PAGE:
And Now A Few Words About The Little Sunflower That Could

Over the past couple weeks I’ve been focused on the biggest blooms of my bunch of backyard sunflowers, but all the while I’ve kept an admiring eye on the runt of the litter, who as nothing more than a sprout got ravaged by some critter that tore off its starter leaves, leaving little more than a stalk.

I thought it for sure a goner, but since then while the other sunflowers around it have grown tall and strong, I’ve watered and watched in awe this spunky little plant that wouldn’t say die and instead found a way to keep on going, albeit in a decidedly minaturized state.

Sure enough, this morning, I gave it a look and found it’s about to beautifully blossom and I couldn’t be prouder to have the lessons of resilience and perseverance taught to me once more by so excellent teacher (click it for the bigger picture):

A Show Of Admiration & Support

Yesterday, a new newspaper hit the streets of Los Angeles for the first time in the form of blogdowntownWeekly. This is important to me not just because I will always be a fan of ink and paper — especially in this age of contraction in which I absolutely  love to see new incarnations of the format born — but more directly because it was started by my friends Eric and Kathy Richardson as a physical companion to their long-running and popular blogdowntown blog.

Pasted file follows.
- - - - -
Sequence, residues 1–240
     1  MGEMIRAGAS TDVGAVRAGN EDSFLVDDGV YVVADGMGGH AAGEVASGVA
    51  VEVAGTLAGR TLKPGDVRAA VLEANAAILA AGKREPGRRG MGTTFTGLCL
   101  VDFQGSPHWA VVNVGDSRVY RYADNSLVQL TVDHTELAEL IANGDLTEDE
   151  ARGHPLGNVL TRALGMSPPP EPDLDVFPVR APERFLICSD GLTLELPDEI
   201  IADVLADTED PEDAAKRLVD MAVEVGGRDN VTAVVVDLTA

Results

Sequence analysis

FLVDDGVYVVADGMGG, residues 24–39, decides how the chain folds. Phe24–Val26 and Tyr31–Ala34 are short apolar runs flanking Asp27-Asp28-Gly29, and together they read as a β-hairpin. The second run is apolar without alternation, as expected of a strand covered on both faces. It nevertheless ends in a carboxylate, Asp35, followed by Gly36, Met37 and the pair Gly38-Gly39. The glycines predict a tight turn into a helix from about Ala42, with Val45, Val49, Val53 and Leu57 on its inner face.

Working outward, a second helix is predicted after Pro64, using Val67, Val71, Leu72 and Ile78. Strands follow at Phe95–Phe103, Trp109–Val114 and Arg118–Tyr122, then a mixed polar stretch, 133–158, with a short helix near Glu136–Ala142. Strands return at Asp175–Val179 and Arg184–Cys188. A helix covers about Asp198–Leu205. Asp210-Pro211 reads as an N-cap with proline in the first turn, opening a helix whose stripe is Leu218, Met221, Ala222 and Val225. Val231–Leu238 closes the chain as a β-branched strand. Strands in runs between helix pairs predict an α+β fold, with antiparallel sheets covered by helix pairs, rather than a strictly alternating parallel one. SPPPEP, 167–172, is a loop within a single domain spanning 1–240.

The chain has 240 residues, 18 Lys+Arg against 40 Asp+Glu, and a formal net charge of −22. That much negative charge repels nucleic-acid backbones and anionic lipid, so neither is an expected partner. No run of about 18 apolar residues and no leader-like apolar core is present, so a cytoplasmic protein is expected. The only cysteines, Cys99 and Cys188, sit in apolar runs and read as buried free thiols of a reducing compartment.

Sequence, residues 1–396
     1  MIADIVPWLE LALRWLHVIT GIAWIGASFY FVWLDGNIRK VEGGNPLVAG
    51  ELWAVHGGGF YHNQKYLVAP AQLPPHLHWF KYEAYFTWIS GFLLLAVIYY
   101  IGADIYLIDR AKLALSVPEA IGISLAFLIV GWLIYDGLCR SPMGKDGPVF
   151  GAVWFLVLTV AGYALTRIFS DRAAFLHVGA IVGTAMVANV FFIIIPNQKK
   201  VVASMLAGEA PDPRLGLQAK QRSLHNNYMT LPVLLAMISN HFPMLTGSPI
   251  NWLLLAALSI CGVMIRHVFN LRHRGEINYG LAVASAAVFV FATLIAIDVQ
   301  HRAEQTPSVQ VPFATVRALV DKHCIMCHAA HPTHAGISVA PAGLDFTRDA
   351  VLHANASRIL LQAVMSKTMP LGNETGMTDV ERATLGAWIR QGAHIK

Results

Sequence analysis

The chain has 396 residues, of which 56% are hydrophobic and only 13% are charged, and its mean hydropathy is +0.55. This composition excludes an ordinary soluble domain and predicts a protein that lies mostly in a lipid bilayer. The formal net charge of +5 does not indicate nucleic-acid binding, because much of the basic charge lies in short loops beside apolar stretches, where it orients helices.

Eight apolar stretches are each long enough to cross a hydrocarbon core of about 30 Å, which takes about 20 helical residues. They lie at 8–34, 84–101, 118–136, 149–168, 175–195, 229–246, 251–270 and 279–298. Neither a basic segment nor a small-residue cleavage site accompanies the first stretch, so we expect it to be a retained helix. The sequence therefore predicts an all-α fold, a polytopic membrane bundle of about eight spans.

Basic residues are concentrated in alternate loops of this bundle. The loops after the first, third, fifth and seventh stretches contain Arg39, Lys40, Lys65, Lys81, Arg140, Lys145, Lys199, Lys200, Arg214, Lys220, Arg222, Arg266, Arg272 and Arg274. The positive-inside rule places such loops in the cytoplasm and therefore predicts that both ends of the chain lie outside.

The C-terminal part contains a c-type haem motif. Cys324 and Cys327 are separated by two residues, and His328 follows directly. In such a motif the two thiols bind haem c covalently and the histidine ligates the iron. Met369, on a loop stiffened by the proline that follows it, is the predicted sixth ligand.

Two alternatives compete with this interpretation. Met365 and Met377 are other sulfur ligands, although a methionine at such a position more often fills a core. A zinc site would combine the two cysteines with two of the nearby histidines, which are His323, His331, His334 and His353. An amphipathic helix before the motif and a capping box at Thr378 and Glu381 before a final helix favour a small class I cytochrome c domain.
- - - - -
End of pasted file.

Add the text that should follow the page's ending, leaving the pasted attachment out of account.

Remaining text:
And frankly while I’ve known a bunch of publishers of the various magazines and newspapers that I’ve worked on throughout my career, I haven’t known anyone who started a newspaper from the ground up before, let alone been acquainted with them on anything beyond a business level. Certainly I’ve never gone bike riding with them like I have had occasion to do with Eric and Kathy.

So in thinking about that unique distinction and connection, I decided I had to do something more than just rah-rah the first issue’s arrival here in my blog. I had to go physical with my cheerleading and be an actual supportive part of that first edition. So I put my money where my mouthpiece is and did something that in itself was a first for me: I bought an ad — a small one that looks a little something like this*:

The picture is one I snapped of Kathy and Eric and other cyclists in the background during the inaugural “Ten Bridges” ride I put together waaaaay back in 2007. It’s not the best image owing to us all being in motion on our bikes at dusk, but what it lacks in clarity it makes up for symbolically to me in that they’re both captured side by side coming westward along the historic 6th Street Bridge toward downtown. Toward the place that would define their future. And now that future is here.

Maybe I’m working to hard to contrive a connection between the photo and their new endeavor, but the sentiment I express is sincere.

* I haven’t had a chance to get downtown yet and grab me an actual copy so I’m not sure how the ad looks in real life, but that’s what my questionable graphic design skills hath wrought.